College Admissions: Early Admission Apps Soared for Class of 2018

Monday, December 23, 2013

Who saw the largest increase in early decision applications this year?
Early admission numbers are still being released since many colleges extended deadlines due to Common Application issues this year. Nevertheless, it appears that the predicted low in the number of college-age students has not affected early action and early decision applications at the nation’s most competitive colleges . Students are still flocking in record numbers to apply to elite colleges during early decision and early action rounds, drawn in by high acceptance rates than regular decision and the desire to know early in the year where they will matriculate.

Duke, Northwestern and BU: Big Winners

This year, Duke saw its largest increase in early decision applications ever, up 25% over last year. Meanwhile, early applications to Northwestern and Boston University increased approximately 15%, reflecting a growing trend in popularity among college campuses in or near a major city.

Ivy League Holds Strong

Brown University accepted 583 students during early decision, representing a 19 percent acceptance rate from a record high pool of 3,088 applicants. The students who were accepted were from 30 nations and 41 states. The top countries represented outside the United States are China, United Kingdom, Singapore, Canada, and Korea. Eleven percent of accepted students will be the first-generation in their family to attend college, 30 percent are students of color, 318 are female and 265 are male. The top majors that accepted students intend to pursue are engineering, biology, business, entrepreneurship and organizations, economics, and English.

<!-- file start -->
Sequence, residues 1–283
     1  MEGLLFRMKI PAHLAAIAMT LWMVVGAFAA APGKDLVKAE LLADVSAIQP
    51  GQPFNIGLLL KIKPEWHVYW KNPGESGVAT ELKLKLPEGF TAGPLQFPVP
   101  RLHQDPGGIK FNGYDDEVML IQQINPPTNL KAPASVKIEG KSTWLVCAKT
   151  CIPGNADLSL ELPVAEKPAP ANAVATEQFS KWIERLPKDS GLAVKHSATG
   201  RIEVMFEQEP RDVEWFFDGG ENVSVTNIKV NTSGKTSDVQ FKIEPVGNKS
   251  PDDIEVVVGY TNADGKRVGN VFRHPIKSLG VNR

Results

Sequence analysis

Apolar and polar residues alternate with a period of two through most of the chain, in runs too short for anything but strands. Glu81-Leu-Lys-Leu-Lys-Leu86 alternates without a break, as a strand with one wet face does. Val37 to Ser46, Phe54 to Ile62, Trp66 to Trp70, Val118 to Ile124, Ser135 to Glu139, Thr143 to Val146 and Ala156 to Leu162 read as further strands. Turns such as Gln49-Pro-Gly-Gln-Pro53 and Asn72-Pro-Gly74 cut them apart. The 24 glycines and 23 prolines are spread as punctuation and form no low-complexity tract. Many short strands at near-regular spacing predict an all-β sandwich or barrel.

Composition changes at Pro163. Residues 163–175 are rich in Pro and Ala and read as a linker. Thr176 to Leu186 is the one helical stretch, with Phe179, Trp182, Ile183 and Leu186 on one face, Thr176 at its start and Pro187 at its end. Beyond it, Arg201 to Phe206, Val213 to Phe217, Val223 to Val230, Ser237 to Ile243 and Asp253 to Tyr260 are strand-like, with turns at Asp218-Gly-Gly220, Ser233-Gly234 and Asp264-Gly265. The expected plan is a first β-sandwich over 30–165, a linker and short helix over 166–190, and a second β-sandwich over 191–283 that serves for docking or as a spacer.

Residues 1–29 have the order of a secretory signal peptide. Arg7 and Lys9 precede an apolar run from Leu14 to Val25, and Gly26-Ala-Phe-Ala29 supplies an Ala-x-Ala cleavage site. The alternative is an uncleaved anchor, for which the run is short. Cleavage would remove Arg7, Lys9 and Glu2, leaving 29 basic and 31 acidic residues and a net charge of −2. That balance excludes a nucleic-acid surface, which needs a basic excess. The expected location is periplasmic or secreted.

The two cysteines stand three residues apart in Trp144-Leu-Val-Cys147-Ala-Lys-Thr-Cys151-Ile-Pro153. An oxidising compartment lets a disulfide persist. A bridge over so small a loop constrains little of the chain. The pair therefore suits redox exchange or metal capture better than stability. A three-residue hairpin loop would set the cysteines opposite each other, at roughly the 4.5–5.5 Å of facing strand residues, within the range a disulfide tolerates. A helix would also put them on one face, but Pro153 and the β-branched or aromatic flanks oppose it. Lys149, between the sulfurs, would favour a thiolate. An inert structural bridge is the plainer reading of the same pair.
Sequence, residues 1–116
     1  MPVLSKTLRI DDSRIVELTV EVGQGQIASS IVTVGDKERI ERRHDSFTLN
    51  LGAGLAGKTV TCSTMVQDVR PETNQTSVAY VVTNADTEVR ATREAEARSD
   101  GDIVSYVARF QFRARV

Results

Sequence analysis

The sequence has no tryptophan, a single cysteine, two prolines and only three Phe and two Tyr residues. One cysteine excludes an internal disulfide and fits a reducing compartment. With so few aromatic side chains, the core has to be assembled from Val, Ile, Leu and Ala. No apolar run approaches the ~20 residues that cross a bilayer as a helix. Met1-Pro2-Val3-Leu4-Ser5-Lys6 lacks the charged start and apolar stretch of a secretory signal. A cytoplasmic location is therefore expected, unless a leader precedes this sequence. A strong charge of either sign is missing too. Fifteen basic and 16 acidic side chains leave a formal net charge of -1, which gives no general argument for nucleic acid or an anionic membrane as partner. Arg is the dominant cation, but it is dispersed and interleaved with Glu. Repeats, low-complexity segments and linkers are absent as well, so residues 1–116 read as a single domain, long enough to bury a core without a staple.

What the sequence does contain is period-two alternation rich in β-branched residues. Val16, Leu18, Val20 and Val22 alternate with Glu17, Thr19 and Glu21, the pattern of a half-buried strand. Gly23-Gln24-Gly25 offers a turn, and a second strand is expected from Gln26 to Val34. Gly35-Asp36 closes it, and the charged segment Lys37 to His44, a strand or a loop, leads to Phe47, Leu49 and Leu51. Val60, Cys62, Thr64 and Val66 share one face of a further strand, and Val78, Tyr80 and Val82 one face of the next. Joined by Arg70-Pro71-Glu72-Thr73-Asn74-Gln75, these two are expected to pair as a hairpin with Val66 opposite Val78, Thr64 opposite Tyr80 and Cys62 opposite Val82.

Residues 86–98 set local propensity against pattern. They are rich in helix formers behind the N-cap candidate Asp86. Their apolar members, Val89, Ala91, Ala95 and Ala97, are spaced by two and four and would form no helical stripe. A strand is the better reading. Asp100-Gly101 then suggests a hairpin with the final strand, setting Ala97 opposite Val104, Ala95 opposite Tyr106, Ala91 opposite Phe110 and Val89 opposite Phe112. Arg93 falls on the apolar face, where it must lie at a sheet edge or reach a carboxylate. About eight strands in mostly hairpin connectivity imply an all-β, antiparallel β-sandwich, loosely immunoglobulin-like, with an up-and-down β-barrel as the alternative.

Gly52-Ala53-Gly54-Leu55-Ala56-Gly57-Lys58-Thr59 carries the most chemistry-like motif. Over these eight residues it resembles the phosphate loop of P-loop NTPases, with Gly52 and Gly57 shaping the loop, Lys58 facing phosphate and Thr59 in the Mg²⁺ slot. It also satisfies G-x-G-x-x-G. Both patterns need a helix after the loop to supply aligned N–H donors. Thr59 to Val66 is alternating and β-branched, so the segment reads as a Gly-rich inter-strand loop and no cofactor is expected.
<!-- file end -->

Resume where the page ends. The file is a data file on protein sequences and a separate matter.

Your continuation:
Columbia received 3,296 applications during Early Decision, and reported that their ED pool grew by 5.4% over last year.

Cornell numbers are not yet available.

Dartmouth sent invitations to 469 students to join the class of 2018 during the Early Decision round. This year, 1,678 students applied ED, an increase of 6 percent from last year. Forty percent of the entering freshmen seats have now been filled at Dartmouth, leaving 60 percent for regular decision applicants.

Harvard accepted 992 students during Early Action, just over 21 percent of applicants. This represented the highest acceptance rate since Harvard re-instituted Early Action in 2011.

UPenn admitted 25.3 percent of early decision applicants, filling more than 50% of the expected entering freshman class. The number of UPENN applications during ED grew by approximately 6.7 percent this year.

Princeton had 3,831 students submit Early Action applications this fall, up slightly from the 3,810 last year; 714 students (18.5%) were accepted. In the early acceptance pool, 8 percent are international students and 41 percent are U.S. students from diverse backgrounds. They hail from 32 countries, 44 states and the District of Columbia. Fifty-five percent are from public schools, and 9 percent are the first in their family to attend college. Fifteen percent are legacy students who had a parent graduate from Princeton.

Finally, Yale Early Action applications rose 5.6% this year over 2012 as the university accepted 735 students among 4,750 applicants. Another 2,735 students were deferred to the Regular Decision round, and 1,225 were rejected.

Cristiana Quinn, M.Ed. is the founder of College Admission Advisors, LLC which provides strategic, individual counseling for college-bound students. www.collegeadvisorsonline.com

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    Percent Pell Grant Recipients: 21%

     
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    Non-Federal Debt, Percent of Total Debt of Graduates: 15%

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    Total Cost of Attendance: $46,200

    Percent Pell Grant Recipients: 20%

     
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    Non-Federal Debt, Percent of Total Debt of Graduates: 16%

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